The T-50 is not meant to be a direct rival for the F-22 because the Russian aircraft is not as stealthy. But if the maneuverability and advanced electronics live up to the promises, the aircraft would be more than a match for every fighter out there other than the F-22. If such a T-50 was sold for under $100 million each there would be a lot of buyers. But it looks like the T-50 will cost more. For the moment the T-50 and the Chinese J-20 (and J-31) are the only potential competitors for the F-22 that are in development.

Like the F-22, T-50 development expenses are increasing, and it looks like the T-50 will cost at least $120 million each (including a share of the development cost) but only if 500 or more are manufactured. Russia hopes to build as many as a thousand. Few F-22s were built because of the high cost. American developers are now seeking to apply their stealth, and other technologies, to the development of combat UAVs. Thus, by the time the T-50 enters service in large numbers during the 2020s it may already be made obsolete by cheaper, unmanned, stealthy fighters. The United States, Russia, and China are all working on applying stealth technology to combat UAVs. Thus the mass produced 6th generation unmanned fighter may be the aircraft that replaces most current fighters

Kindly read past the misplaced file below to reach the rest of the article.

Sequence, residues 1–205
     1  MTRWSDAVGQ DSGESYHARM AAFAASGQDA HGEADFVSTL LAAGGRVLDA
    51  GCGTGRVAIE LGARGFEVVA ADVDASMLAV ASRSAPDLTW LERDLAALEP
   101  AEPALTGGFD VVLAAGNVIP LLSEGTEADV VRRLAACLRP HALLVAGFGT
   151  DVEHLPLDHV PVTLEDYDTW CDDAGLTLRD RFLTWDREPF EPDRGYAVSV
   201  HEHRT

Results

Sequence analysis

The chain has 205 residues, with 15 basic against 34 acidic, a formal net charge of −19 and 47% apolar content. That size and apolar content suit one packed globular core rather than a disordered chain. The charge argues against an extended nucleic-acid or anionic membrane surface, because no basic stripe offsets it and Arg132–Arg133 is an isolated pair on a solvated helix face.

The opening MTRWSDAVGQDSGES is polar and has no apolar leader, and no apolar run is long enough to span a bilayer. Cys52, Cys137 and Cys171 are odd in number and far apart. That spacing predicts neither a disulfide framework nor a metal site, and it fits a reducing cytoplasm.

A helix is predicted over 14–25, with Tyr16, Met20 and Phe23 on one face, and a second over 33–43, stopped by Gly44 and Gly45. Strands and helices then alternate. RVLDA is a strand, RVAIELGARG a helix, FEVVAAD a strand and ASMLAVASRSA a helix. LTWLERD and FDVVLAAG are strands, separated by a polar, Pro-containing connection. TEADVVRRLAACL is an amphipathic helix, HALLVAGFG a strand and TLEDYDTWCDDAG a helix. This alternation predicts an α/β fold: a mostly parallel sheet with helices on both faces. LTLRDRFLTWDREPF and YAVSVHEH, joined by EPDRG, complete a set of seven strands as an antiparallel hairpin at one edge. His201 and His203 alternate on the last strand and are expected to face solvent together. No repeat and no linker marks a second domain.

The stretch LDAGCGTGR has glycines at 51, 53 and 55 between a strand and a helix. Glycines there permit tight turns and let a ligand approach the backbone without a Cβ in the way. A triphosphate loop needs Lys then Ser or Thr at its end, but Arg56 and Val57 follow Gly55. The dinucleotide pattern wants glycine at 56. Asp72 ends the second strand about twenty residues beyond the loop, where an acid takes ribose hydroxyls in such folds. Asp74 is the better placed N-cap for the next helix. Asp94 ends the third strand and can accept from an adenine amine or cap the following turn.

The T-50 flew for the first time in January 2010, 13 years after the F-22 did so. Once the T-50 flew it was believed that the first 70 production models would be ordered by 2016 and be delivered by the end of the decade. The order number was later reduced to 52 and now it is 12. Some of the prototypes were to be handed over to the Russian Air Force or testing but that has not happened yet.